White House summit on violent extremism and social media missing one element

When one thinks about violent extremism these days, what core causes and catalysts come to mind? In the past few weeks, massacres have occurred on the streets of Paris and Copenhagen, videos have been released showing beheadings of, ahem, citizens,” and a certain marauding army continues to recruit thousands of enlistees through a sophisticated propaganda campaign on social media. There seems to be plenty of material to fill the three-day summit on violent extremism on social media that starts today at the White House, thanks to the spread of Islamist extremism and terrorism.

Well, there is one small problem — the White House won’t mention Islamist extremism at the summit:

The White House will kick off a three-day summit Tuesday on combating violent extremism on social media — but the administration won’t focus on Islamic extremism and won’t even mention the term.

“You can call them what you want; we’re calling them terrorists,” a senior Obama administration official said Monday. …

The rub for the Obama administration is that while the murderers cite their faith as motivation, they don’t represent Islam and, therefore, shouldn’t be associated with the religion.

Er … okay. What kind of “violent extremism” will get discussed, then? The extremist Amish? The Gamergate episode of Law & Order:SVU? Perhaps the White House wants to discuss their role in fueling riots after Ferguson, but I highly doubt it.

Instead, they’ll tiptoe around the central motivation of groups like al-Qaeda, ISIS, Boko Haram, Hamas, and the Taliban by talking about the violence as the end, rather than the means for groups like this to achieve their actual end goal of global Islamist domination. They will pretend that religion has nothing to do with it, while at the same time arguing that today’s Christians have some moral guilt for the Crusades which makes them ineligible to criticize the religious motivation of actual Islamist theocrats.

That will take some neat footwork, but denial has to be complete in order to be effective. One way to ensure this is to avoid mentioning the nature of the victims of the violence and pretending that they were chosen randomly, as Jim Geraghty explained last night on CNN. CNN is part of the denial problem too, he points out:

For example, CNN’s religion site just declared, attempting to wrap up the week:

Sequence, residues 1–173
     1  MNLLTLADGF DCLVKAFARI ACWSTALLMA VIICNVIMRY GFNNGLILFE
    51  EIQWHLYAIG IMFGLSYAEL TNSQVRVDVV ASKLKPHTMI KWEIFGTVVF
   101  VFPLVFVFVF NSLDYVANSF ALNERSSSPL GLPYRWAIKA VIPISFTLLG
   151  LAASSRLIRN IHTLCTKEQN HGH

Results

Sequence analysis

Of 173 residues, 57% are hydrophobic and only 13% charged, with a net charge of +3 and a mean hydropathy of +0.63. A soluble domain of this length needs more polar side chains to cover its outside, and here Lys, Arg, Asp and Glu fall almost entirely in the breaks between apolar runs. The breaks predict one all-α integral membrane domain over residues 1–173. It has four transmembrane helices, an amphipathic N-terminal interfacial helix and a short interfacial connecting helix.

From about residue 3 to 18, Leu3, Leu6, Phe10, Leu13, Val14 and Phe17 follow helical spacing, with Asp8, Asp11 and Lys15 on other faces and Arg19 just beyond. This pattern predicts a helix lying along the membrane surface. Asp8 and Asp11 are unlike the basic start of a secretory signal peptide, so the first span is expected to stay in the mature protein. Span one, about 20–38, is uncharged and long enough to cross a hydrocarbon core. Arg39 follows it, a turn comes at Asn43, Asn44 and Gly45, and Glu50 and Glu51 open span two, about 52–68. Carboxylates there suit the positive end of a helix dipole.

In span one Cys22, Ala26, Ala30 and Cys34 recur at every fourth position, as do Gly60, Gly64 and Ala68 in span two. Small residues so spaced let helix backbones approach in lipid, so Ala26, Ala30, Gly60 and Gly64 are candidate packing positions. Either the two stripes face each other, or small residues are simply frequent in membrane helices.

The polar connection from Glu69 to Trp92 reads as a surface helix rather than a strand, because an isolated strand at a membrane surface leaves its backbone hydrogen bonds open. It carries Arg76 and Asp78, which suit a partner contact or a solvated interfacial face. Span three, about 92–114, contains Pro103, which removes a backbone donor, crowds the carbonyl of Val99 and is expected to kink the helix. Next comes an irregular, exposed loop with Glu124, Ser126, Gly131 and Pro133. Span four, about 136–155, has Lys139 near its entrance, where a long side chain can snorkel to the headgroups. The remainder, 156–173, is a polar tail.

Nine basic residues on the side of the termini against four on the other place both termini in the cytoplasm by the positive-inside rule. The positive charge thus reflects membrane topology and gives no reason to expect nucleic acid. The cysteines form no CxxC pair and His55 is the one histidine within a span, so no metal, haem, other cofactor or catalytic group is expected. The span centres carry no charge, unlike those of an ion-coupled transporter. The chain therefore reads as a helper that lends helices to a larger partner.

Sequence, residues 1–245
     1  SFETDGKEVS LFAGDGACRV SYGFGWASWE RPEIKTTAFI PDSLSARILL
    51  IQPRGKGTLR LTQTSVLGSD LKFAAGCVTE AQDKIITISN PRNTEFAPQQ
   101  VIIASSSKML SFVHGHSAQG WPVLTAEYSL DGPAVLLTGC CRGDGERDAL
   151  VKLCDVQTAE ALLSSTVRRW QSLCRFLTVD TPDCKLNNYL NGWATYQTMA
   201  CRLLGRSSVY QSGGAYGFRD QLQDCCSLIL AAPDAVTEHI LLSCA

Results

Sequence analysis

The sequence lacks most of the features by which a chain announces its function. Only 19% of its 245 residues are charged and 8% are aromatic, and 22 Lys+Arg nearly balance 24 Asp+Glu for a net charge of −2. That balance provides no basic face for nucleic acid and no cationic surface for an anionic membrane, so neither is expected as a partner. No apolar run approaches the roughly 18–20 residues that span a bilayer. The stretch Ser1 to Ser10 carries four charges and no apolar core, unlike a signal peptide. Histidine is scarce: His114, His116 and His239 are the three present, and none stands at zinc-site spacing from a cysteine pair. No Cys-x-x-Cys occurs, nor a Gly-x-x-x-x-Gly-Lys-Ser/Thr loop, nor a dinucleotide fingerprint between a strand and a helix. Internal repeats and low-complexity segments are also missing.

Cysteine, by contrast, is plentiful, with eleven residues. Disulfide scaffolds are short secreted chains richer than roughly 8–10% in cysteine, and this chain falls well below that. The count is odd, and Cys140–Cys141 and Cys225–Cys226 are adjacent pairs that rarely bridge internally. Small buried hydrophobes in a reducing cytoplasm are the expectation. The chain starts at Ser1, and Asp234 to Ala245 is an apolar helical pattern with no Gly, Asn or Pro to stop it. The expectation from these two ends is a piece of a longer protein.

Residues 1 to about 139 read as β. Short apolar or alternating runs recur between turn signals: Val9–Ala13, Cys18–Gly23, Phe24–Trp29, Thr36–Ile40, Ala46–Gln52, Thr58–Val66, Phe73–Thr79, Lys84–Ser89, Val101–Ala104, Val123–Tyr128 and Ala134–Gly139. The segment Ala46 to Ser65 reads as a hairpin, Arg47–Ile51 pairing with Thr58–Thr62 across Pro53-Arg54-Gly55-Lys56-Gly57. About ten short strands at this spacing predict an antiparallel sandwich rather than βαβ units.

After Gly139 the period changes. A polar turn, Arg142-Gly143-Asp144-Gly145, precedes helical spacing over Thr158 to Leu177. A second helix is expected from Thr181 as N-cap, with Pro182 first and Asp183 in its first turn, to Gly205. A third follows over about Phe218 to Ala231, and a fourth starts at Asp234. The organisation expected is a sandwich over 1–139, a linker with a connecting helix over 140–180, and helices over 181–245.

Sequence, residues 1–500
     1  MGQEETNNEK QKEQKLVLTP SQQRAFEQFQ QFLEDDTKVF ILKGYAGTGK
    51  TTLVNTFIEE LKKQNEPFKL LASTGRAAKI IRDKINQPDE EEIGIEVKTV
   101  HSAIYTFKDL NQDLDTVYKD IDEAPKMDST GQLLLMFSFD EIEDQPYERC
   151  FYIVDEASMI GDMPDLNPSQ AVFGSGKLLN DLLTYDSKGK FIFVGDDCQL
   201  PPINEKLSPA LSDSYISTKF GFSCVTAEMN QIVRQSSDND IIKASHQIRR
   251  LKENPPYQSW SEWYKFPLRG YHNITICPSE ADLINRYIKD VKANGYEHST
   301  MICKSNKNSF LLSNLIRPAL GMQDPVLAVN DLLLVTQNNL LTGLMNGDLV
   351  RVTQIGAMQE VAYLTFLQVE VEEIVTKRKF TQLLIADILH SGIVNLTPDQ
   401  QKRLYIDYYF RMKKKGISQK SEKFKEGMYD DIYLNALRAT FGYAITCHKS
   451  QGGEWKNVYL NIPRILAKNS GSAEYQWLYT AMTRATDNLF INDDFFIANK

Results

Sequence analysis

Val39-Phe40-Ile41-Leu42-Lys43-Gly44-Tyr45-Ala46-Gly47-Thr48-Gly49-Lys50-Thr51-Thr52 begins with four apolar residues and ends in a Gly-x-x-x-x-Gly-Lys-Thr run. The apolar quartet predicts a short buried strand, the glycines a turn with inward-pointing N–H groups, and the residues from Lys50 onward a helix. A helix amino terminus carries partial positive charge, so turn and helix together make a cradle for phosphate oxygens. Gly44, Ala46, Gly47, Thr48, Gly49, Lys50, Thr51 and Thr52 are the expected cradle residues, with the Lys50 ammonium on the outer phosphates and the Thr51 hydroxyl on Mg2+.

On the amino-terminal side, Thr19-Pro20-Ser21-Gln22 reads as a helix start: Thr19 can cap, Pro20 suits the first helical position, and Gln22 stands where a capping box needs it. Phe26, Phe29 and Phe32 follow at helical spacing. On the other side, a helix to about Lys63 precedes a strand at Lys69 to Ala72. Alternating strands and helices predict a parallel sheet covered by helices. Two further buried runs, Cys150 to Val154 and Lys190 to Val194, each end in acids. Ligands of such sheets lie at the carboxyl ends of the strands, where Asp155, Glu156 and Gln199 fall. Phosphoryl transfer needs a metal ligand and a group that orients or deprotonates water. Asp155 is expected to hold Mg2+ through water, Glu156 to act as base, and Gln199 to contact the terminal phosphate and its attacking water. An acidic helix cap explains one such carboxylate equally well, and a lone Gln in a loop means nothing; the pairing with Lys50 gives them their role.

Whether you believe that religious violence is fueled by faith or is a symptom of larger factors — political instability, poverty, cultural chaos — one thing seems clear: Last week was hellish for religion.

Across several continents, including North America, Europe, Asia and Africa, scores of religious believers suffered and died in brutal attacks over the past seven days.

The causes of violence are complex, and reducing them to talking points only adds to the problem, scholars say. But if you want to rally troops to your side, few tools are more powerful than religion, said Michael Jerryson, co-editor of “The Oxford Handbook of Religion and Violence.”

From that painfully generic description, you could easily conclude the violence is perpetrated by Buddhists and Mennonites.

At least they’re having a summit on violent extremism and social media, one might be tempted to say in optimistic tones. It’s true that they’re actually addressing the issue, but as the New York Times’ Eric Schmitt reports, it’s not much more than an attempt to build a better hashtag to keep the world’s terrorists from beating a pathway to our door:

The Obama administration is revamping its effort to counter the Islamic State’s propaganda machine, acknowledging that the terrorist group has been far more effective in attracting new recruits, financing and global notoriety than the United States and its allies have been in thwarting it. …

“We’re getting beaten on volume, so the only way to compete is by aggregating, curating and amplifying existing content,” Richard A. Stengel, the under secretary of state for public diplomacy and public affairs, said by telephone on Monday. Until now, he said, the efforts to counter ISIS could have been better coordinated.

Many of the plan’s details are still being worked out, but administration officials are expected to describe at least its broad outlines during three days of meetings, sponsored by the White House and beginning Tuesday, intended to showcase efforts underway in the United States and abroad to combat what the authorities call violent extremism.

Senior administration officials on Monday described the conference, coming in the wake of extremist attacks in Paris and Copenhagen, as a way to help communities counter the efforts of groups like the Islamic State or Al Qaeda. President Obama will speak twice during the meetings, which are expected to draw local leaders from around the United States and foreign ministers from more than 60 nations. …

“These guys aren’t BuzzFeed; they’re not invincible in social media,” Mr. Stengel said.

It’s not that such an effort isn’t needed. In order to counter Islamist terror propaganda, though, don’t we have to recognize that it is actually Islamist in the first place? Or at least mention it?